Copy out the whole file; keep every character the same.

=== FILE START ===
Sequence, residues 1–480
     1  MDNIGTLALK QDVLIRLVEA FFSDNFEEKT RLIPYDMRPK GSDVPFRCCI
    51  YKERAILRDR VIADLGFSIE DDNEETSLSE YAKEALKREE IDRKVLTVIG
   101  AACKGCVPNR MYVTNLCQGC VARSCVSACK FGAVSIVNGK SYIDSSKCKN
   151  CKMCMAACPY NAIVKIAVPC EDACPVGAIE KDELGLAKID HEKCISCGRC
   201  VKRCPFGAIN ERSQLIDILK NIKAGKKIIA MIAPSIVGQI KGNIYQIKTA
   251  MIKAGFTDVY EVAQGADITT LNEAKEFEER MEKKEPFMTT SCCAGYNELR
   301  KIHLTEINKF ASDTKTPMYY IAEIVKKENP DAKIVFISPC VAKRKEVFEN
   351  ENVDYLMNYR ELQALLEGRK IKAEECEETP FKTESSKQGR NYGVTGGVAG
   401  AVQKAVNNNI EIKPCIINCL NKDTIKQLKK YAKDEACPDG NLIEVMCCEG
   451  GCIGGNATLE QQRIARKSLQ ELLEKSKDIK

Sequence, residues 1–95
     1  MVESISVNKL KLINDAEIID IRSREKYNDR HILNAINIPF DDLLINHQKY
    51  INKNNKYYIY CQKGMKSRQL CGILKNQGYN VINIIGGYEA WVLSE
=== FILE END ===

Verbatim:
Sequence, residues 1–480
     1  MDNIGTLALK QDVLIRLVEA FFSDNFEEKT RLIPYDMRPK GSDVPFRCCI
    51  YKERAILRDR VIADLGFSIE DDNEETSLSE YAKEALKREE IDRKVLTVIG
   101  AACKGCVPNR MYVTNLCQGC VARSCVSACK FGAVSIVNGK SYIDSSKCKN
   151  CKMCMAACPY NAIVKIAVPC EDACPVGAIE KDELGLAKID HEKCISCGRC
   201  VKRCPFGAIN ERSQLIDILK NIKAGKKIIA MIAPSIVGQI KGNIYQIKTA
   251  MIKAGFTDVY EVAQGADITT LNEAKEFEER MEKKEPFMTT SCCAGYNELR
   301  KIHLTEINKF ASDTKTPMYY IAEIVKKENP DAKIVFISPC VAKRKEVFEN
   351  ENVDYLMNYR ELQALLEGRK IKAEECEETP FKTESSKQGR NYGVTGGVAG
   401  AVQKAVNNNI EIKPCIINCL NKDTIKQLKK YAKDEACPDG NLIEVMCCEG
   451  GCIGGNATLE QQRIARKSLQ ELLEKSKDIK

Sequence, residues 1–95
     1  MVESISVNKL KLINDAEIID IRSREKYNDR HILNAINIPF DDLLINHQKY
    51  INKNNKYYIY CQKGMKSRQL CGILKNQGYN VINIIGGYEA WVLSE